288 pages, 7.72 × 5.08 × 0.6 in
September 15, 2004
Oxford University Press
The following ISBNs are associated with this title:
ISBN - 10: 0192805762
ISBN - 13: 9780192805768
Table of Contents
List of Illustrations
1. Taking the Measure of It All
2. The Construction of the Pigeonholes
3. The General Officer Commanding
4. Battling the Undertow
5. Pushing through the Untrodden Forest
6. So Heavily Goes the Chariot
7. The Hermit and the Murderer - and Hereward Thimbleby Price
8. From Take to Turndown - and then, Triumphal Valediction
From the Publisher
'The greatest enterprise of its kind in history,' was the verdict of British prime minister Stanley Baldwin in June 1928 when The Oxford English Dictionary was finally published. With its 15,490 pages and nearly two million quotations, it was indeed a monumental achievement, gleaned from the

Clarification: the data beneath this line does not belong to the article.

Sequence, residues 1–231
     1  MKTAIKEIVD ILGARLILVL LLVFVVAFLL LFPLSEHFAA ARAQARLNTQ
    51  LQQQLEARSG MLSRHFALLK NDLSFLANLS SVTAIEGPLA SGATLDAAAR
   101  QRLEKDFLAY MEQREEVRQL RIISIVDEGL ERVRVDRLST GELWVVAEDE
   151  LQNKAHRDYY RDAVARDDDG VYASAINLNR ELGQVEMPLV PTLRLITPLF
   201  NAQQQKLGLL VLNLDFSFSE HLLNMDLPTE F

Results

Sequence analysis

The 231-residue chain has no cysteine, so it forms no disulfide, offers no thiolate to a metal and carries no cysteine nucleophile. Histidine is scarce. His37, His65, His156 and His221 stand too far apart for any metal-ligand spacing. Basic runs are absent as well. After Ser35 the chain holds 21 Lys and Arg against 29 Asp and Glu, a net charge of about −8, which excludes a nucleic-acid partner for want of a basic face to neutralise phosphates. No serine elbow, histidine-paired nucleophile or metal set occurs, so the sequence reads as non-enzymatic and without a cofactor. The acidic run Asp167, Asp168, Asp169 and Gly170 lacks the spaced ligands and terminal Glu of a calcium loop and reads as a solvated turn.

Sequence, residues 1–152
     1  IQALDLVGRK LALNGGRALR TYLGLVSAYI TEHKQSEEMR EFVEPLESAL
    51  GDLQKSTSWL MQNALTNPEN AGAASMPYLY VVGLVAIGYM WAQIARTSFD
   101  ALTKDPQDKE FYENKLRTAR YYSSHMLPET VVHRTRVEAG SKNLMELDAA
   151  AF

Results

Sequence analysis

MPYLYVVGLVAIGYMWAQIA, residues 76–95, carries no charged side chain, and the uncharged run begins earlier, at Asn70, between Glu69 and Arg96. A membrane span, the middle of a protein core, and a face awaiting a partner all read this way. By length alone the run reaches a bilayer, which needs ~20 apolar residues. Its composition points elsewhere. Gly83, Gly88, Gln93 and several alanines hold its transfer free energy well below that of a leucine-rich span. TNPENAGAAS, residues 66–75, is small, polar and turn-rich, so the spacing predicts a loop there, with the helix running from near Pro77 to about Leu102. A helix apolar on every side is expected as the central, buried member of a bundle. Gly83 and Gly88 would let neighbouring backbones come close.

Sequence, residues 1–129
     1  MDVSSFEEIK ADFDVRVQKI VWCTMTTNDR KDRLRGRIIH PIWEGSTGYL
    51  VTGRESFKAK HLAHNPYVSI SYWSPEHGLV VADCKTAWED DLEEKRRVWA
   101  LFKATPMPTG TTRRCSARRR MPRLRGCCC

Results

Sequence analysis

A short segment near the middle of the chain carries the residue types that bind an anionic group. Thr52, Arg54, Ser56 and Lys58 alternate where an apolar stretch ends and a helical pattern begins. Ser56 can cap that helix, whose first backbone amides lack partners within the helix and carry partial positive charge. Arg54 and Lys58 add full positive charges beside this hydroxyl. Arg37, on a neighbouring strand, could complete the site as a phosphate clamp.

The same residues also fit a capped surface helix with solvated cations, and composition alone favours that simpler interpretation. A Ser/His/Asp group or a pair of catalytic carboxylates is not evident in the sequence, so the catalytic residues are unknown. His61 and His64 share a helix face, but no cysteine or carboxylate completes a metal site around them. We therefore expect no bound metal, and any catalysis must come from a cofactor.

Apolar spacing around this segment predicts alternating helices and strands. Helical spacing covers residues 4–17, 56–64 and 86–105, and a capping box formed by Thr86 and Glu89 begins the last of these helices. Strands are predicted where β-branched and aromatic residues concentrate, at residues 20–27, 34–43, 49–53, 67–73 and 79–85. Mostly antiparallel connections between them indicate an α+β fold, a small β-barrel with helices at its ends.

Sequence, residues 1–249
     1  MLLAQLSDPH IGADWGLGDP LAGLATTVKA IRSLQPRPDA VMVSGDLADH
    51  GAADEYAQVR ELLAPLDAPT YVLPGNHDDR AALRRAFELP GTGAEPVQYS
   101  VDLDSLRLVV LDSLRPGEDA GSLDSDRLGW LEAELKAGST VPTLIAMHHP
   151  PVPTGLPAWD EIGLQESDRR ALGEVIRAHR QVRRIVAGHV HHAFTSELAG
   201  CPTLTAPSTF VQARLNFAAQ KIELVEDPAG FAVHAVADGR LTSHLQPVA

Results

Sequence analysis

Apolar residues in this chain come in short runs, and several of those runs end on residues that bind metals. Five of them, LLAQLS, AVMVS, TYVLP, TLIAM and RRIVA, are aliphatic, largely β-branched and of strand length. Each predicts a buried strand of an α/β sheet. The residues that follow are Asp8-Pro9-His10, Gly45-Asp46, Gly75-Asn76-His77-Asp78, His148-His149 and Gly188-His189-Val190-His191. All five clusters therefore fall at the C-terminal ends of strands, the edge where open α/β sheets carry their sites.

efforts of hundreds of ordinary and extraordinary people who made it their mission to catalogue the English language in its entirety.
In The Meaning of Everything, Simon Winchester celebrates this remarkable feat, and the fascinating characters who played such a vital part in its execution, from the colourful Frederick Furnivall, cheerful promoter of an all-female sculling crew, to James Murray, self-educated son of a draper, who
spent half a century guiding the project towards fruition. Along the way we learn which dictionary editor became the inspiration for Kenneth Grahame's Ratty in The Wind in the Willows, and why Tolkien found it so hard to define 'walrus'.
Written by the bestselling author of The Surgeon of Crowthorne and The Map That Changed the World, The Meaning of Everything is an enthralling account of the creation of the world's greatest dictionary.
About the Author
Simon Winchester is the author of the bestsellers The Surgeon of Crowthorne and The Map That Changed the World. After studying geology at Oxford, he became foreign correspondent for the Guardian and Sunday Times, and was based in Belfast, New Delhi, New York, London, and Hong Kong. He has
written for the New York Times, Smithsonian, Spectator, and National Geographic, and is a frequent contributor to the BBC. He lives in Massachusetts, New York.
`the account is engaging and its conclusion a triumph...an absorbing account'